The Arctic Ocean is getting spicier. A new study published in the Journal of Physical Oceanography suggests that rising temperatures in the far north could result in spicier water, or warmer water whose density is more affected by temperature than salinity.
This could make marine mammal hunting off Alaska’s coast more dangerous.
Mary-Louise Timmermans is a professor and oceanographer at Yale University. She studies how ocean circulation affects sea ice in the Arctic.
“For it to get ‘spicier’ means it’s going to get warmer, and changes in temperature will affect density to the same measure that changes in salinity affect density,” Timmermans explained.
The deeper you go in the ocean, the colder it gets. That’s because cold water is more dense than warm water, so naturally it sinks to the ocean floor. But the dynamics are different in the Arctic.
“At low temperatures, the water doesn’t really care whether it’s warm or cold,” Timmermans said.
Seawater in the Arctic Ocean is so cold that temperature isn’t the deciding factor in its density. Instead, Timmermans said, salinity, or how salty the water is, makes more of a difference.
But that’s about to change as the climate changes.
“As you warm up the ocean, it turns out temperature changes can have a bigger impact on density than in a cooler ocean,” explained Timmermans.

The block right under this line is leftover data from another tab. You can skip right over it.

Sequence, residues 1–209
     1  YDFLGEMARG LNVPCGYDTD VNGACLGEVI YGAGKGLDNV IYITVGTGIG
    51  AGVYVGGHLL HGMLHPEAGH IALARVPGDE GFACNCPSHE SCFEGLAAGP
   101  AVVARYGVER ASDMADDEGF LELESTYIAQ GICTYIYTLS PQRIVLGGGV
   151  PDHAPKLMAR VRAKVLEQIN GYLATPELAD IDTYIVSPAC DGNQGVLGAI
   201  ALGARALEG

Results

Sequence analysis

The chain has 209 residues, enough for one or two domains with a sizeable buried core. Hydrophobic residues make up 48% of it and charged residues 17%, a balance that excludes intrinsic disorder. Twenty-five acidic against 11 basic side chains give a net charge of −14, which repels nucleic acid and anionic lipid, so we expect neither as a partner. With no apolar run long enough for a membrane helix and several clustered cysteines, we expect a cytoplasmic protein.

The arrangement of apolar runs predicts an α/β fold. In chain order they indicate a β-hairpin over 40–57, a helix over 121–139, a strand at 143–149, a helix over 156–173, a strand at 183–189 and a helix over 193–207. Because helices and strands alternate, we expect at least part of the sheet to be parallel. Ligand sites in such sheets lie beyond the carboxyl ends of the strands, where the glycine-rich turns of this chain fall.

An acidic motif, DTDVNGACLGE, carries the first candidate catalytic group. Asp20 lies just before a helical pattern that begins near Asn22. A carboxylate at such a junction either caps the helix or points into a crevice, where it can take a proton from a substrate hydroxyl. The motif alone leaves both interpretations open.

Timmermans teamed up with Steven Jayne of the Woods Hole Oceanographic Institution. The two found that a spicier Arctic will likely be able to store more heat.
“This means that the way that the Arctic Ocean works will be somewhat different,” Timmermans said.
It’s tough to predict just how different the Arctic will be, but she said warmer seawater may speed up sea ice melt. That’s bad news for marine mammal hunters like Brandon Ahmasuk.
“The sea ice, it offers a protective barrier,” Ahmasuk explained. “It keeps the ripples and waves down, it keeps them from forming.”
Ahmasuk is Kawerak’s Subsistence Director based in Nome. He grew up out on the water hunting with his dad. He now takes his own kids with him to hunt for bearded seal, or ugruk, and walrus.
“When you have that larger open water, it’s more susceptible to large waves [and] bad weather,” Ahmasuk added.
He says if warmer, saltier seawater makes for thinner, sparser sea ice, most hunters won’t fare too well in their standard, 18-foot Lund boats.
“Your side height on a Lund boat is only 28 inches, but if you have four- or six-foot rollers coming at you, you’re probably not going to want to be out there.”
But some villages, especially the ones without grocery stores to rely on, might not have any other choice. Despite the potentially more dangerous conditions, to hunters like Ahmasuk, a spicier ocean is still the best grocery store around.